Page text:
Interpreting human genetic variation with in vivo zebrafish assays.
Rapid advances and cost erosion in exome and genome analysis of patients with both rare and common genetic disorders have accelerated gene discovery and illuminated fundamental biological mechanisms. The thrill of discovery has been accompanied, however, with the sobering appreciation that human genomes are burdened with a large number of rare and ultra rare variants, thereby posing a significant challenge in dissecting both the effect of such alleles on protein function and also the biological relevance of these events to patient pathology. In an effort to develop model systems that are able to generate surrogates of human pathologies, a powerful suite of tools have been developed in zebrafish, taking advantage of the relatively small (compared to invertebrate models) evolutionary distance of that genome to humans, the orthology of several organs and signaling processes, and the suitability of this organism for medium and high throughput phenotypic screening. Here we will review the use of this model organism in dissecting human genetic disorders; we will highlight how diverse strategies have informed disease causality and genetic architecture; and we will discuss relative strengths and limitations of these approaches in the context of medical genome sequencing. This article is part of a Special Issue entitled: From Genome to Function.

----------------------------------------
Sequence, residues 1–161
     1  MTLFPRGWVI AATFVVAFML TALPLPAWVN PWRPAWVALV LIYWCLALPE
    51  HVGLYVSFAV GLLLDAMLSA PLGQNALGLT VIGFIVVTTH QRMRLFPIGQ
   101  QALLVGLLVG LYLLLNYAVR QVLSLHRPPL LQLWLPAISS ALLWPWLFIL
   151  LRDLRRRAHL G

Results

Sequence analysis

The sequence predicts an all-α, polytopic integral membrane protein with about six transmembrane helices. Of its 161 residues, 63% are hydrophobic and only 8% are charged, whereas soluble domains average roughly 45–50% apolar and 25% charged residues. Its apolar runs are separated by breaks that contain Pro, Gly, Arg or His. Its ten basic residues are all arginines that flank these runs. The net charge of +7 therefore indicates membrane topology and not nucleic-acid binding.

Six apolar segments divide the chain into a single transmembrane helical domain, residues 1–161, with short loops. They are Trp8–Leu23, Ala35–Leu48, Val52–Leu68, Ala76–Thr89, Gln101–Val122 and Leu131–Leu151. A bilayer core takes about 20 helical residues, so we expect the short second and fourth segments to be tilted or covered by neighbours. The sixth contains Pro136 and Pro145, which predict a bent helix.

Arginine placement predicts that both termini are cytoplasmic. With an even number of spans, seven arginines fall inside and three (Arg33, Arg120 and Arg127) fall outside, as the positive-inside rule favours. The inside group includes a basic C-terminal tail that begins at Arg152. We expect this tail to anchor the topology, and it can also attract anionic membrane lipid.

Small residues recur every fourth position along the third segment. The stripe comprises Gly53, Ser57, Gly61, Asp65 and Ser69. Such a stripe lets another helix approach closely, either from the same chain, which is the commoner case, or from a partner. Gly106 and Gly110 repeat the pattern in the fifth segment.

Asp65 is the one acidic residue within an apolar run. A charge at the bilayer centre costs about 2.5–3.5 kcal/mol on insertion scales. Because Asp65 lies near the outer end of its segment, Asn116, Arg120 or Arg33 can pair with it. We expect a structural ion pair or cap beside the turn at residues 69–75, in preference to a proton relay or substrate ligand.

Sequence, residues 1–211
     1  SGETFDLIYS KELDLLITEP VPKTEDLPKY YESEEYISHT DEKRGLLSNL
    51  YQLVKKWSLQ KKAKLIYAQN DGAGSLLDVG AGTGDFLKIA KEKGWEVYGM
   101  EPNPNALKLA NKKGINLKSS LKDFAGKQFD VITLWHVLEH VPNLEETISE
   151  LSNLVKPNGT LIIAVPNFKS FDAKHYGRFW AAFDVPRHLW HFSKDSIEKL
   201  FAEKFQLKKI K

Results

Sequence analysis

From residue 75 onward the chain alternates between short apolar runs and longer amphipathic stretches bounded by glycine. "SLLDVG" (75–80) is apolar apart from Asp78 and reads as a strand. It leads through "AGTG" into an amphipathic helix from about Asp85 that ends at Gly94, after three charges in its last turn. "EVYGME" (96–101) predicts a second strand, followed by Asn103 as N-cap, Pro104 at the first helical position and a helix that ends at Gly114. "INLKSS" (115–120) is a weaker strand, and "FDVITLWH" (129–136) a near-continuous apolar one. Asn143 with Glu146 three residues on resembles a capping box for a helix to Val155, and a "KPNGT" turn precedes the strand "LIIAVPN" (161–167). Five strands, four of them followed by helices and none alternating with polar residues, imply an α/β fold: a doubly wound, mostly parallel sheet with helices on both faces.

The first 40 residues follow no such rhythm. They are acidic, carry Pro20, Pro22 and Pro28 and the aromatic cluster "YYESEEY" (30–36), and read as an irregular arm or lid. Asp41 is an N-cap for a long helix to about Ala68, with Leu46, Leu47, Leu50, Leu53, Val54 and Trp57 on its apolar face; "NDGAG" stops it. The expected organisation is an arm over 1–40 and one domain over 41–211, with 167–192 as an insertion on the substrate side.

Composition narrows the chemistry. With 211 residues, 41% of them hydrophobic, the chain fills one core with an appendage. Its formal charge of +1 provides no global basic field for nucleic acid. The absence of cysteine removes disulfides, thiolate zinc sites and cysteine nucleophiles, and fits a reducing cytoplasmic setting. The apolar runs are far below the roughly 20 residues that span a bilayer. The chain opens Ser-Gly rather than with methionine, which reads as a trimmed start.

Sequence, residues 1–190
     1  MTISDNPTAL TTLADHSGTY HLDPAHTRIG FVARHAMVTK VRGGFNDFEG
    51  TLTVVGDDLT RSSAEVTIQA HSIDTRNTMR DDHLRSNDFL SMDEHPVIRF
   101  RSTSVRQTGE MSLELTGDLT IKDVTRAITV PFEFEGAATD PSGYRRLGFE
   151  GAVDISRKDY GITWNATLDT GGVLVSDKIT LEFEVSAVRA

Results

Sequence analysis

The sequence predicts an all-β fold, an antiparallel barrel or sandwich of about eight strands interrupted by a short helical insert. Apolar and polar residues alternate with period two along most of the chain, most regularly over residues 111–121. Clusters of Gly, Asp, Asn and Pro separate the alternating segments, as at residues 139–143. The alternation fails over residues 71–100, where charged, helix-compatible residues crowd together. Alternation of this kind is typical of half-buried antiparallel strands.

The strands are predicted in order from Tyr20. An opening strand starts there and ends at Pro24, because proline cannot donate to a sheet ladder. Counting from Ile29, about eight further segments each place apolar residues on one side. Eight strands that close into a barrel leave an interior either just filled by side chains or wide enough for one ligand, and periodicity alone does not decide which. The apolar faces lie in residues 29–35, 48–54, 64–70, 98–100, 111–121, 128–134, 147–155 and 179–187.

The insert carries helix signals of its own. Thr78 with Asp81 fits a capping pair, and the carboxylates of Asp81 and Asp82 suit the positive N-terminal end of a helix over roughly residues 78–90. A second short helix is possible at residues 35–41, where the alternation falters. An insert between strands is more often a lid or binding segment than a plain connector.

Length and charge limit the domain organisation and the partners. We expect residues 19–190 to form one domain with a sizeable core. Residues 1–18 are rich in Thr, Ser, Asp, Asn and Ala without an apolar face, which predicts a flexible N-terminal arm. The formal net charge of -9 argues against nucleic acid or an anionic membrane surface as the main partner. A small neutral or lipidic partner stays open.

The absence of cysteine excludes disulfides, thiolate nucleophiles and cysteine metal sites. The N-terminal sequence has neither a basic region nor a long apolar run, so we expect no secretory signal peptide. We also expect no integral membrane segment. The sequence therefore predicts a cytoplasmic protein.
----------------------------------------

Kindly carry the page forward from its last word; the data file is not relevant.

Davis, EE; Frangakis, S; Katsanis, N
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